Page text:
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  • Author or Editor: Nihal C. Rajapakse x
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The interaction of light quality and growing season on growth and carbohydrate metabolism of chrysanthemum was evaluated using 6% CuSO4 and water as spectral filters. Light transmitted through the CuSO4 filter significantly reduced plant height and internode length compared to control plants regardless of the season. Light transmitted through CuSO4 filters delayed flowering. Total number of flowers was not affected but plants grown under CuSO4 filter had smaller flowers than those grown under the control filter. Light transmitted through CuSO4 filter reduced leaf and stem soluble sugar and starch concentrations regardless of the growing season. However, me magnitude of reduction was greater in spring than in fall-grown plants. Stems of fall-grown plants had mom starch deposition than spring-grown plants under both filters. The reduction of leaf and stem carbohydrate content (per organ basis) was greater than that of concentrations due to reduced stem elongation and total dry matter accumulation. Filters with specific spectral characteristics can be used as alternative means of controlling height and producing compact plants in the greenhouses regardless of the growing season. However, flowering should be evaluated with individual flower crops as flowering response may interact with the quality of light and growing season.

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The use of light quality as an alternate method for controlling ornamental plant growth was evaluated using copper sulfate solutions as optical filters, The light passed through CuSO4 solutions had high red/far-red (R/FR) ratio. Plant height and average internode length were significantly reduced by high R/FR light. Plants grown under high R/FR light had smaller leaves and a lower total leaf area but had thicker leaves, as indicated by specific leaf weight, than the control plants. Fresh and dry weights of leaves, stems and roots were reduced by high R/FR light. Dry matter accumulation in leaves was increased by high R/FR light while it was reduced in stems. Exogenous gibberellic acid (GA) application partially overcame the height reduction under high R/FR light indicating that GA biosynthesis maybe affected by light treatment. Results suggests alteration of light quality could be used in controlling ornamental plant growth as an alternate method to conventional chemical growth regulator applications.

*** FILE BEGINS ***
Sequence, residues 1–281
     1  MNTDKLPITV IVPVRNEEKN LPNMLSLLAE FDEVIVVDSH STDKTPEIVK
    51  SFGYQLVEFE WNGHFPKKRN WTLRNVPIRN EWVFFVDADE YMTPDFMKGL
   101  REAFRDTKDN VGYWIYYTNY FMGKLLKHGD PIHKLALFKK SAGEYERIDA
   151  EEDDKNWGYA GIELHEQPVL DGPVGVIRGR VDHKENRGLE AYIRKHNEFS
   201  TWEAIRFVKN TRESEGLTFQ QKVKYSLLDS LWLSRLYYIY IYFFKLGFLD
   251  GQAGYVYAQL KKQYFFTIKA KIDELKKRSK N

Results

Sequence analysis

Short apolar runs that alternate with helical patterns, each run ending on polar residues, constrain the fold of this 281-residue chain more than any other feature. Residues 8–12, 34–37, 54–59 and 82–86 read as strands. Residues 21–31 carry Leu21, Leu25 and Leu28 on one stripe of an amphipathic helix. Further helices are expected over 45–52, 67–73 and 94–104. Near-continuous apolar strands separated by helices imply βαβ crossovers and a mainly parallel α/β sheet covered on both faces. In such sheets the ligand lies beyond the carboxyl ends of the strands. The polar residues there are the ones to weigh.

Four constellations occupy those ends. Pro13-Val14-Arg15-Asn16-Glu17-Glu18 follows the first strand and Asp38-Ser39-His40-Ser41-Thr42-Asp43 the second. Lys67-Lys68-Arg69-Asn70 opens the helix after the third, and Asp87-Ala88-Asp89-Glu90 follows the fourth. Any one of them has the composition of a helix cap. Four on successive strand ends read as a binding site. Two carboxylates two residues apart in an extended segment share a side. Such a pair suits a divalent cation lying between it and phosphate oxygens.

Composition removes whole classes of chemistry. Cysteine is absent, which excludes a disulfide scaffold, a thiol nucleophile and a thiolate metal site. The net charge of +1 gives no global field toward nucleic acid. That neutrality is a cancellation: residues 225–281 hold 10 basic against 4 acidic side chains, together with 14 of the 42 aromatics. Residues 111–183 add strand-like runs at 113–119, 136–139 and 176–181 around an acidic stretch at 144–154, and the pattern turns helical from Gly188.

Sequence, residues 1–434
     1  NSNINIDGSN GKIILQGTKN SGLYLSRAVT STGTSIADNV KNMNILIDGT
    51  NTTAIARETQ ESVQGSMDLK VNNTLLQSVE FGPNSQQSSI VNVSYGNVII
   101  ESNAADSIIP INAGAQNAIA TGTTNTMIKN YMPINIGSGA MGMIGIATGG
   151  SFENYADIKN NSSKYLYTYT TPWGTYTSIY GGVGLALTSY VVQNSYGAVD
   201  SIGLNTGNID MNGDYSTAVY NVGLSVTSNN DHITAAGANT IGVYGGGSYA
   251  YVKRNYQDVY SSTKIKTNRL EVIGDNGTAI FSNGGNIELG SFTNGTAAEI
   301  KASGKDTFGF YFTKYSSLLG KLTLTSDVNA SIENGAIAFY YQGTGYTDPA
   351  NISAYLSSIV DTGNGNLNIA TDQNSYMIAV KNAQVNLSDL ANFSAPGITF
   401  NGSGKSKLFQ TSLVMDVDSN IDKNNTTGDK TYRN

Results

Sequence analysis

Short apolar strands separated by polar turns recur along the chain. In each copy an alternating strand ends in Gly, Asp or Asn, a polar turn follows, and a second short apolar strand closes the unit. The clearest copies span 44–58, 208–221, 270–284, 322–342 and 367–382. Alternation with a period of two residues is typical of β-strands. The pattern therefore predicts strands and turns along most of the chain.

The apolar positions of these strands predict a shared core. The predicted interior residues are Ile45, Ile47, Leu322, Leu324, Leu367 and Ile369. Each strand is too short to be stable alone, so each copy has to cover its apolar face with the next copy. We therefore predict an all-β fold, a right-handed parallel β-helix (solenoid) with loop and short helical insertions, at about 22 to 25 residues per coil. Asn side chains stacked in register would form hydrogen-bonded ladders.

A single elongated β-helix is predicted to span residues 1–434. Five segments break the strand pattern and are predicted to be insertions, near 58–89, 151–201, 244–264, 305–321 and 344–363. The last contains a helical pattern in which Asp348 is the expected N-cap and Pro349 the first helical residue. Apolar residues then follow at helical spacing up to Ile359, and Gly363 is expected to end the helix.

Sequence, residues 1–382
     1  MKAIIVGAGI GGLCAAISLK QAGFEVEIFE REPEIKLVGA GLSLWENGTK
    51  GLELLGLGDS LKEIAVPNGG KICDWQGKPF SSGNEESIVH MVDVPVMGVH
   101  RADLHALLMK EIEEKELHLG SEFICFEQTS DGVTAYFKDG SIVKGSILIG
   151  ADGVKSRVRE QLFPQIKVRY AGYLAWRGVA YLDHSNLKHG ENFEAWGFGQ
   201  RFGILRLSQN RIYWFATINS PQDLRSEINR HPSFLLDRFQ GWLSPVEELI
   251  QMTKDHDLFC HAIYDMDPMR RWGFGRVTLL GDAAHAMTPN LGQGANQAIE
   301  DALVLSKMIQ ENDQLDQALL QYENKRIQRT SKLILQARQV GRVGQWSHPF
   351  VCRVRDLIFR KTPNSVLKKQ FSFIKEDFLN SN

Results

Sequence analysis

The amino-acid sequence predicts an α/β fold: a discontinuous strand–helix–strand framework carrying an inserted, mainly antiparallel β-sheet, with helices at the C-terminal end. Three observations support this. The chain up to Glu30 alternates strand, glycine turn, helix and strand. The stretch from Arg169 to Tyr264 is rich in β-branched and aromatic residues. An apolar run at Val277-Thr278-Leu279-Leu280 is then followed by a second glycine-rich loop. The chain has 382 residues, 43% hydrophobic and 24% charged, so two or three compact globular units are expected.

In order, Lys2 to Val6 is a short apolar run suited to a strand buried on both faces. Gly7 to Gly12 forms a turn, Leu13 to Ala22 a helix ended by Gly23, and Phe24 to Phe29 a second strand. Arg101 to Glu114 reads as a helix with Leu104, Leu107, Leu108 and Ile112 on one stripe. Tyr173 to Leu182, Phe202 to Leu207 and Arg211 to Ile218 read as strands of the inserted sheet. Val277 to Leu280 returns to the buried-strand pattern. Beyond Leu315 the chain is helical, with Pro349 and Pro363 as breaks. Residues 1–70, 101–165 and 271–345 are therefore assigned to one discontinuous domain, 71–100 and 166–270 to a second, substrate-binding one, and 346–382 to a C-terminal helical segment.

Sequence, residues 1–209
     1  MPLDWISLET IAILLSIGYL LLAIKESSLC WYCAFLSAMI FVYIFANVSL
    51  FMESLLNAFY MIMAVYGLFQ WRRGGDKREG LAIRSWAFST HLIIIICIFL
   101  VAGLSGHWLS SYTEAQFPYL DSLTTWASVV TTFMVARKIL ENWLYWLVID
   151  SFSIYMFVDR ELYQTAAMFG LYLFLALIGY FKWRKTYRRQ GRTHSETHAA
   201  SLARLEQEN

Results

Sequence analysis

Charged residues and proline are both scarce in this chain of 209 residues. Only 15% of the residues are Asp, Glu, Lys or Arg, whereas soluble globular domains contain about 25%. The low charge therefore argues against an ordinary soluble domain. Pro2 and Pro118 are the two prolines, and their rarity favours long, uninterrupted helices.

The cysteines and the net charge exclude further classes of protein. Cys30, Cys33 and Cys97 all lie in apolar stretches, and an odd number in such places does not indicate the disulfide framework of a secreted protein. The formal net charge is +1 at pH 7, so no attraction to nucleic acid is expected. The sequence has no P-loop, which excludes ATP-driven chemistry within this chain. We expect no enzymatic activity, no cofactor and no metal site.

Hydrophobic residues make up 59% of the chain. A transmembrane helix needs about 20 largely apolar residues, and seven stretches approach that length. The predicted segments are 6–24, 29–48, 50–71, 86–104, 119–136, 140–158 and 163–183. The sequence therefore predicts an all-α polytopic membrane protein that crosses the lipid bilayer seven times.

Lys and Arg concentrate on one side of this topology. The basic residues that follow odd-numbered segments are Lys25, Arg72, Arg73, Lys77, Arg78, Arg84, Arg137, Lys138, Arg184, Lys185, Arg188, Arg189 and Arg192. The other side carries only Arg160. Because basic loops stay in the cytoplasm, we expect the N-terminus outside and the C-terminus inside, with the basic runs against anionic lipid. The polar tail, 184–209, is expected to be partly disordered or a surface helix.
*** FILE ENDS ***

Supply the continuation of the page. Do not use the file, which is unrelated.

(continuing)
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Endogenous gibberellins of chrysanthemum [Dendrathema×grandiflorum (Ramat) cv. Bright Golden Anne] were characterized in preparation for quantification of endogenous gibberellins in apices under control and CuSO4 spectral filters. Expanding shoots were separated into young expanding leaves and apices. Methanolic extracts of young expanding leaves were purified by solvent partitioning, PVPP column chromatography, and reversed-phase high performance liquid chromatography. Two bioactive regions corresponding to the HPLC retention times of GA and GA19 standards were detected in fractions using the recently developed non-dwarf rice bioassay. Dideuterated internal standards of GA12, GA53, GA19, GA20, and GA1 were added to similar extracts of shoot apices. The presence of endogenous GA53, GA19, GA20, and GA1 in chrysanthemum apices was confirmed by isotope dilution using gas chromatography–mass spectrometry-selected ion monitoring and Kovats retention indices. Ions for the deuterated internal standard of GA12 were detected, but not for endogenous GA12. The above results demonstrate that the early 13-hydroxylation pathway operates in chrysanthemum.

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Plant response to photoselective plastic films with varying spectral transmission properties was tested using lisianthus (Eustoma grandiflorum) `Florida Pink', `Florida Blue', and `Florida Sky Blue'. Films were designated YXE-10 (far-red light-absorbing film) and SXE-4 (red light absorbing film). Light transmitted through YXE-10 films reduced plant height compared to control plants by 10% (`Florida Blue'), and stem dry weight by 19% to 40%, but the response varied by cultivar. Internode length was reduced by 10% to 19% when `Florida Pink' and `Florida Sky Blue' plants were grown under YXE-10 films. Leaf and root dry weights were not affected by YXE-10 films, with the exception that `Florida Sky Blue' plants had a lower leaf dry weight than the control plants. Light transmitted through SXE-4 films increased plant height of `Florida Pink' plants by 15% but not of `Florida Blue' or `Florida Sky Blue.' Regardless of cultivar, dry weight of leaf, stem and root tissue was not affected by SXE-4 films as compared to control films. The average number of days to flower and bud number were not affected by YXE-10 or SXE-4 films, regardless of cultivar. The results suggest that selective reduction of far-red wavelengths from sunlight may be an alternative technique for greenhouse production of compact plants, but the magnitude of the response is cultivar specific.